From ICF Adoption Update November 2012

I want to introduce you to two of the greatest books available for adoptive families and adoption professionals…
Attaching in Adoption & Nurturing Adoptions, both by Deborah Gray. I have been re-reading Nurturing Adoptions the past weekend, (between eating left-overs).
Just some facts… about 80% of families who adopt internationally are motivated by infertility. About half of two-parent families adopting from US foster care are doing so after facing issues of infertility. And, about half of parents adopting older children are first-time parents.
Can you imagine going from zero to 100 miles per hour in less than a minute? That is about what happens when families bring an older child into the home, especially for families who have not yet had the experience of parenting. It is a huge challenge. Most children who come into adoption have had a rough time, emotionally and physically. They probably have not had the mother-child bonding period, where emotional connections are forged. Or, if they did, they lost it, and ended up in an orphanage or foster home.
Emotions are not ephermeral. They live in memory and exist on the physical plane. If you say “I feel…” you are describing in physical terms the content of neurobiological connections in your brain. It’s real. We think of feelings as amorphous. They are not; they are as alive and present as the electricity charging through the wiring in your home. You don’t touch bare electical wire because you know something is there, even if you cannot see it. Emotions are the same. They are there, they exist in the “wiring” of the brain, whether you can see them or not.
The first few months of life are the foundation for a child’s brain to lay the grid that allows the child to give and receive affection, to have empathy, to manage stress, to trust and communicate. Without the love and holding, without the parents attention to the child’s needs, without the child learning how to tolerate the stimulation of life and balance their needs and fears with trust, a child comes forward with emotional handicaps that are no less real than missing a limb. Yet, most adoptive families don’t quite recognize the level of extra work and expansion of their own brains that will be involved to fashion the child’s circuitry to be able to trust and share and recover from trauma. Seems understandable, because it seems invisible. Until you have a child who is withdrawn or acting out, difficult to decipher, belligerent or hostile, it is difficult to appreciate how challenging building a relationship can be.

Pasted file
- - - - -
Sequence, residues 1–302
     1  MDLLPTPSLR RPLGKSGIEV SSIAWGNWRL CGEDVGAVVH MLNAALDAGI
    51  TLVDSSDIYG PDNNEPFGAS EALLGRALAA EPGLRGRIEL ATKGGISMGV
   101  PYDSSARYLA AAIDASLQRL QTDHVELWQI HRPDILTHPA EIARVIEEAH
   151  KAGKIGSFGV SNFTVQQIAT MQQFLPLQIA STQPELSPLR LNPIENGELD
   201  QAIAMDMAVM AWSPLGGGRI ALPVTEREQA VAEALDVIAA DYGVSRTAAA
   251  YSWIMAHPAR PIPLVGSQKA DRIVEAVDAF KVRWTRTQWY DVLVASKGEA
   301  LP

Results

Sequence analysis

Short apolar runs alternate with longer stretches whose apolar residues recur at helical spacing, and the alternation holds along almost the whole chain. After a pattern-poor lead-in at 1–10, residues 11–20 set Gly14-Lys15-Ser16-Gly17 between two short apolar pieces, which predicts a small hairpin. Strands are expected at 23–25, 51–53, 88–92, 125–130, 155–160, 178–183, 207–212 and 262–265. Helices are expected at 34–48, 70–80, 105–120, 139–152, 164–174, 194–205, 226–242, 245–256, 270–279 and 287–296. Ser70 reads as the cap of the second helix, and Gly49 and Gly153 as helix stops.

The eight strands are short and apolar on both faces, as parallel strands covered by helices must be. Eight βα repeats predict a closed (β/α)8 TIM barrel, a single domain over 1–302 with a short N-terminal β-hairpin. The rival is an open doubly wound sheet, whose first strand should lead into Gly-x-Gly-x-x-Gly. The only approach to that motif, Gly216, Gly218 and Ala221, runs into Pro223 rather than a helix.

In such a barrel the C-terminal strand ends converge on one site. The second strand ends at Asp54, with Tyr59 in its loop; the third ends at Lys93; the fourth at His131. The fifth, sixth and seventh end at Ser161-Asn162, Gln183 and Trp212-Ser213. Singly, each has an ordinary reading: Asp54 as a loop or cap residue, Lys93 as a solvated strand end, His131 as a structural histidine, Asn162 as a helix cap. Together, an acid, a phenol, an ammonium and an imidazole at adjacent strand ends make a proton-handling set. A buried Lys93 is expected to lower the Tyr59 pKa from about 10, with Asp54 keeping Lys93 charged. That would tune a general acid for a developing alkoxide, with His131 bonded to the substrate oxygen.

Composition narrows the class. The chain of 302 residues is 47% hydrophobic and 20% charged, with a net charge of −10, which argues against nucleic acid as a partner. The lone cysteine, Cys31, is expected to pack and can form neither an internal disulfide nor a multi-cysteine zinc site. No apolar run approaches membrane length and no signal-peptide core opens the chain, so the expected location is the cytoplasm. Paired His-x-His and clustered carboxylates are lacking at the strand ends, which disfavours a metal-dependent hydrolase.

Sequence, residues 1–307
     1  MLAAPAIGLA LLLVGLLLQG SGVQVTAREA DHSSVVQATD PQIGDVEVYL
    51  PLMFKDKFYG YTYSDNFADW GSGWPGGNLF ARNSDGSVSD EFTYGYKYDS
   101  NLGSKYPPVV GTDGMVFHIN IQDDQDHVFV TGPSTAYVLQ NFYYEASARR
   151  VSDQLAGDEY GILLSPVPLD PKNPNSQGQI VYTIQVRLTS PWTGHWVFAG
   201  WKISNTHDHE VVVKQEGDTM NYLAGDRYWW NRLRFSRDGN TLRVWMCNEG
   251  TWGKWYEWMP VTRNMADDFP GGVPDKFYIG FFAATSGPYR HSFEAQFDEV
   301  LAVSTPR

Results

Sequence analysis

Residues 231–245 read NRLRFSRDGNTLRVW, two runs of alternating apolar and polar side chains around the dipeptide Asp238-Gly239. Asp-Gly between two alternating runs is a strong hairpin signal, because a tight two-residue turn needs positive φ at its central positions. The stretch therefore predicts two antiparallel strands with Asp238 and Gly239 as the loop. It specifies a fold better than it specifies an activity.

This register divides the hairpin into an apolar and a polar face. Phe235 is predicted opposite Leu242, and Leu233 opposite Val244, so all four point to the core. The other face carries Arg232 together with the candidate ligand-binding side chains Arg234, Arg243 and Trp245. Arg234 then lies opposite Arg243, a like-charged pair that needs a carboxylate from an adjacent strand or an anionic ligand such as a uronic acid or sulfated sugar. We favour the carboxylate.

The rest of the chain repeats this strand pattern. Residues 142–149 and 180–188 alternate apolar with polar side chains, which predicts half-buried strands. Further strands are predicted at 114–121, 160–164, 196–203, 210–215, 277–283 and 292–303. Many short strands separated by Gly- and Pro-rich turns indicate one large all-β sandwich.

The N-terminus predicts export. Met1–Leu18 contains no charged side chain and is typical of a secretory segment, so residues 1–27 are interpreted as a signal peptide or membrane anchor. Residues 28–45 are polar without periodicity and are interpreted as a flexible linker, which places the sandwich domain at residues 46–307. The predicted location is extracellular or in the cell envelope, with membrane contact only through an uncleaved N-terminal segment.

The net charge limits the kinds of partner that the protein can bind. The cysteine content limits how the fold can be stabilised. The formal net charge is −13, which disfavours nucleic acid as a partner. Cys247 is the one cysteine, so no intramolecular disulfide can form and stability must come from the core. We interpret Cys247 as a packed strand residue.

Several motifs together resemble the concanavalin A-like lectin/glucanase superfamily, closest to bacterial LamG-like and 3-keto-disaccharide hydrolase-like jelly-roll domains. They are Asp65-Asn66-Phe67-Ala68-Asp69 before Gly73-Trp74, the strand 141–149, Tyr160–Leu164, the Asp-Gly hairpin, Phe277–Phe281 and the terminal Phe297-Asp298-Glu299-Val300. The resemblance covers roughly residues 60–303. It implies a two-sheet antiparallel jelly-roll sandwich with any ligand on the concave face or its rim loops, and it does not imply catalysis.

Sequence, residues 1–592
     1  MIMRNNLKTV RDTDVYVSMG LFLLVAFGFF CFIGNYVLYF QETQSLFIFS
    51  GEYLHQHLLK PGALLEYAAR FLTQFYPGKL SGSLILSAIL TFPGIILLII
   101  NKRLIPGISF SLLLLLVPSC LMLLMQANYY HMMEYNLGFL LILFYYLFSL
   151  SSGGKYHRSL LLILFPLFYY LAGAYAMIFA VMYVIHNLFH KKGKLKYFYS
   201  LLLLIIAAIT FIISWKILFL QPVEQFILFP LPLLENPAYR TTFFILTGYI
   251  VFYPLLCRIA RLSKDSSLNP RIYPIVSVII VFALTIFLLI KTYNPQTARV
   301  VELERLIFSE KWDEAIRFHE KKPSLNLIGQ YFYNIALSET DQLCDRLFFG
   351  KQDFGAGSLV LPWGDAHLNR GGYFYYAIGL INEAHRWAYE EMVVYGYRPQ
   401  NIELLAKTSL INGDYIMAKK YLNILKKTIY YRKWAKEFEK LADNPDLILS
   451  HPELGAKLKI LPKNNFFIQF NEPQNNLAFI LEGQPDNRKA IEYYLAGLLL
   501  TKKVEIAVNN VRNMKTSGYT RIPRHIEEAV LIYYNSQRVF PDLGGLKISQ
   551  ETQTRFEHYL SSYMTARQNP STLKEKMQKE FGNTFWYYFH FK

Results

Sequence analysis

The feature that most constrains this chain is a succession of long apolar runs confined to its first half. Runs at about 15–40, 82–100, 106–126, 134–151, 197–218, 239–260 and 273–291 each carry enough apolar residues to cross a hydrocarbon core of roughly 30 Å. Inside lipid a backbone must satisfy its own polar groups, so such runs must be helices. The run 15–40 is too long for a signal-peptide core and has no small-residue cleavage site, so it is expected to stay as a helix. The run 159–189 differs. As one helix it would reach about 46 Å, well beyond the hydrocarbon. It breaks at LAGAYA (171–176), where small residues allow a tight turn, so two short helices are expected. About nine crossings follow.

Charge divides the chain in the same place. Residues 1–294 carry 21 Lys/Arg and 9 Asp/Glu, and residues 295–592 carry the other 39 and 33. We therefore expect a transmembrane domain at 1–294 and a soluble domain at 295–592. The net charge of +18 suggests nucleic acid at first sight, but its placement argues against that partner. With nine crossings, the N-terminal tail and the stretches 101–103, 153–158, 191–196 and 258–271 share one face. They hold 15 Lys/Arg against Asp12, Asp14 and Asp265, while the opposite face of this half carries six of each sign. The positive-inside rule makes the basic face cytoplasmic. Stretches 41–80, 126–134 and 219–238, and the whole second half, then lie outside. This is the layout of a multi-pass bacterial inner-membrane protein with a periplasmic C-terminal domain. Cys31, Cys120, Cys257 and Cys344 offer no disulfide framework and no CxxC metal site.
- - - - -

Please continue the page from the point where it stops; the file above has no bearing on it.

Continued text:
We all hope that love will heal wounds and certainly it does. What it does not do, without a behavioral strategy, is “re-wire” the brain. If you love and hug and reassure it will not affect wiring UNLESS you have certain skills that augment “re-wiring.”
Children or infants who live in institutions or hostile, indifferent or unpredictable environments are unable to learn the basics of relating or forming attachments.  The task of the adoptive parents is to recreate opportunities for the child to accomplish trust building steps that the child missed early on.  Saying “I love you” does not do that; it’s helpful but it does not address the underlying problem.  Kind of like putting a bandaid on a broken leg.  It is a nice gesture but will not on it’s own repair the damage.
Chapter 8 of Attaching in Adoption, “Emotional Development: Promoting Attachment at Every Phase,” identifies critical tasks, such as learning to depend on adults, entering into fun, self-regulation, signaling needs, relaxing, learning how to interpret cues.  Children need parents who can help them master these tasks.
We really recommend that parents consider adoptive parenting an adventure, particularly a learning adventure.  Wanting to have children comes naturally.  Parenting does not; it is learned.  Take some time over the holidays to expand your parenting skills.  And, be sure to take time to relax!  The holidays are for family.  That word comes from holy days.  This is the time to be together, to connect.  Forget the shopping and the drama and the overstimulation.  It’s a time to share, have quiet moments, learn a new recipe, read a book, read a book to your child, watch the weather, and teach your child to down-play the drama and up-play the value of simply being together.
Have wonderful holidays!
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